Good morning! Welcome to The Morning Shift, your roundup of the auto news you crave, all in one place every weekday morning. Here are the important stories you need to read or we’ll get really passive aggressive at you.
1st Gear: Sorry To Burst Your Bubble
As a consumer-driven economy, we’ve been programmed to be attracted to the latest, new shiny thing. We’ve gotta have it! And sometimes we don’t have enough money for it! So we take out a loan! Everyone takes out a loan! And then bad shit happens! Sound familiar?
This time, it’s cars. And it’s not all on the consumers, by the way. Automakers have been relying on “cheap and easy credit” from financial institutions to help them along, reports Bloomberg. Rising interest rates and bad loans are causing financial institutions to be pickier with who they throw money out to.
The reasons for this? From the story:
For one thing, subprime borrowers have been falling behind on their car-loan payments at a rate not seen since just after the 2008 financial crisis. Delinquencies for auto debt of all stripes have been climbing, with the value of those behind for at least 30 days swelling to $23.3 billion in December, a 14 percent jump from a year earlier, according to the Federal Reserve.
This helps explain why 10 percent of senior bank-loan officers said they expect to pull back on extending credit to car buyers this year, according to a Fed survey. Expectations are that terms will toughen for loans the vast majority of Americans need to buy new vehicles as the Fed boosts benchmark rates.
“This has come full circle,” Keller, the consultant, said. “We’ve created an auto market of 17.5 million vehicles based on accommodating credit. There will be consequences.”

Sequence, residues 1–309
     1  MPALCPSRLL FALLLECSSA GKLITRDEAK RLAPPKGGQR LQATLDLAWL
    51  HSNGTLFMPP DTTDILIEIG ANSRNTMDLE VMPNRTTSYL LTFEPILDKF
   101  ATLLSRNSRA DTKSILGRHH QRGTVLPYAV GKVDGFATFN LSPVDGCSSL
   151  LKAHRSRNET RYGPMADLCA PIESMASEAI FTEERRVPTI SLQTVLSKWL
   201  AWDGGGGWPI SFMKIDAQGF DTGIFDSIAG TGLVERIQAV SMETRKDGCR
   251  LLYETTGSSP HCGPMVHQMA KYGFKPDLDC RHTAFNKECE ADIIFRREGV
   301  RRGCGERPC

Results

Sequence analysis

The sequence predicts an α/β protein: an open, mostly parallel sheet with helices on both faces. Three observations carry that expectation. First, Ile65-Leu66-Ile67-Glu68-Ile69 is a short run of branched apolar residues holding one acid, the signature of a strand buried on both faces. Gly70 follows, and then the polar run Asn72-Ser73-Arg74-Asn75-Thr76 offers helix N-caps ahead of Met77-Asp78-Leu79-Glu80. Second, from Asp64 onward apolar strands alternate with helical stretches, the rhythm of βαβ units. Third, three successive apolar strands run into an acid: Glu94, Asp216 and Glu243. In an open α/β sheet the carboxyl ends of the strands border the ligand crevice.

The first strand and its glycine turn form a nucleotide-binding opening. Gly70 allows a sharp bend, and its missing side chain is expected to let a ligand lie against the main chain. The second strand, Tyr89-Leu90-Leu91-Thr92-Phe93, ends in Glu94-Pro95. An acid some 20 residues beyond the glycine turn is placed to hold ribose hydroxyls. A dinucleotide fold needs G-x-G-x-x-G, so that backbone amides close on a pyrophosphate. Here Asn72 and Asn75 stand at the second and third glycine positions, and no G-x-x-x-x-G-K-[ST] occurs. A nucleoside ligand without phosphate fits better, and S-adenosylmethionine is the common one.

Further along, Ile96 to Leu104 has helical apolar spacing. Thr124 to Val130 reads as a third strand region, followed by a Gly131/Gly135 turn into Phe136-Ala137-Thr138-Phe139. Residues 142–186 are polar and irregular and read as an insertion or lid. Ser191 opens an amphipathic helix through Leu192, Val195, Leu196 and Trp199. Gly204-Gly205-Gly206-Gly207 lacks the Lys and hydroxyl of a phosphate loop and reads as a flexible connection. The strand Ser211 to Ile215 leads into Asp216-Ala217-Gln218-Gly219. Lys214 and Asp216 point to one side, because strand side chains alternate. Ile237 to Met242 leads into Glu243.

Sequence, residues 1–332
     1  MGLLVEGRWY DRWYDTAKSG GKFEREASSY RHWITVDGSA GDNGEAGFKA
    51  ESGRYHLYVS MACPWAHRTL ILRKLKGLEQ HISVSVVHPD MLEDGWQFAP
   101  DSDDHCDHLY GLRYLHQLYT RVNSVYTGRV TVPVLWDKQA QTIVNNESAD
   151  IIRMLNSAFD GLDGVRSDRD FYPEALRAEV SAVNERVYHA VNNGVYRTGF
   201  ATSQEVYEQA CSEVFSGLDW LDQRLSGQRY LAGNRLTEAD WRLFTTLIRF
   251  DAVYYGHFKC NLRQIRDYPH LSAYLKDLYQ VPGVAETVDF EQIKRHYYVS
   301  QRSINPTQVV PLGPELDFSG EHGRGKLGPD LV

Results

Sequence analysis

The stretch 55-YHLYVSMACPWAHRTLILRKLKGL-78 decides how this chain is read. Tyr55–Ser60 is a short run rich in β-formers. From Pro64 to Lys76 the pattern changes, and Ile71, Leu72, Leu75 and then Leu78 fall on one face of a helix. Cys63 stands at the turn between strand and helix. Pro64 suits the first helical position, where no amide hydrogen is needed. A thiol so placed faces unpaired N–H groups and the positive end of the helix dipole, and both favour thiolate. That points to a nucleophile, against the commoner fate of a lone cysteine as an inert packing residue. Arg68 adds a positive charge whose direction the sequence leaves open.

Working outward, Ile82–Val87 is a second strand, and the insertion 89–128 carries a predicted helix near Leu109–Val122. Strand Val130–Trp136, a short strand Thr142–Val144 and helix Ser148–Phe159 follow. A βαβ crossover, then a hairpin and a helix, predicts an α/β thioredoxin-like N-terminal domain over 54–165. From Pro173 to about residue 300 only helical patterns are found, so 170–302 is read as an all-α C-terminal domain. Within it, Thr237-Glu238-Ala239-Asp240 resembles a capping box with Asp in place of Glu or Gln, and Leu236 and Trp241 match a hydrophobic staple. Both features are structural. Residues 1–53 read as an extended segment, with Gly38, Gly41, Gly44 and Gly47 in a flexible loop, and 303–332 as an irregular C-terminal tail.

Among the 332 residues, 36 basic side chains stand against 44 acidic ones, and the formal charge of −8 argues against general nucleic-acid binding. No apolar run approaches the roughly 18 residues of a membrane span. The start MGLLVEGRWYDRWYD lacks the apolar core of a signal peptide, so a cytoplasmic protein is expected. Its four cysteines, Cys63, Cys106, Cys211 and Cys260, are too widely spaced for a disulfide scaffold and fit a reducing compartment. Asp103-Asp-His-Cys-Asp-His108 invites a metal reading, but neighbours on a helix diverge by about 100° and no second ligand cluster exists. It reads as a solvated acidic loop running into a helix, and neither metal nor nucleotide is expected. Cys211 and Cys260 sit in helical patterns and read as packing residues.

While this most likely means that people won’t be buying the expensive, new cars as often as they’re doing now, it could mean that buyers could look to cheaper or used models. Ain’t nothing wrong with that.
2nd Gear: Big, Big Recall For Hyundai And Kia
Wait, how big a recall, you ask? Uh, well...
Like, 1.3 million cars in the United States, Canada and South Korea, according to Reuters. The reason? “Engine problems:”
The two automakers have submitted a plan to recall 1.3 million vehicles due to an engine defect that could cause them to stall, the companies said in a statement. The plan, which must be approved by U.S. authorities, involves Hyundai’s Sonata and Santa Fe and Kia’s Optima, Sorento and Sportage.
The duo said they were also recalling 171,348 vehicles in South Korea due to a similar manufacturing problem, which leads to possible stalling of its Theta 2 engine.
A stalling engine means a potential crash. No good very bad news.
The technical issues were further explained by The Detroit News:
All have either 2-Liter or 2.4-Liter gasoline engines. The U.S. engines were made at the Hyundai’s engine plant in Alabama.
The companies say in documents posted Friday by the U.S. National Highway Traffic Safety Administration that debris left from manufacturing can restrict oil flow to connecting rod bearings. Since they are cooled by oil, the restriction can increase temperatures and cause the bearings to wear and fail, and the engines could stall.
Owners will hear a knocking sound from the engine that increases in frequency as the engine speed rises. They also could get engine warning lights on their dashboard, Hyundai spokesman Jim Trainor said. Those with problems should contact their dealers.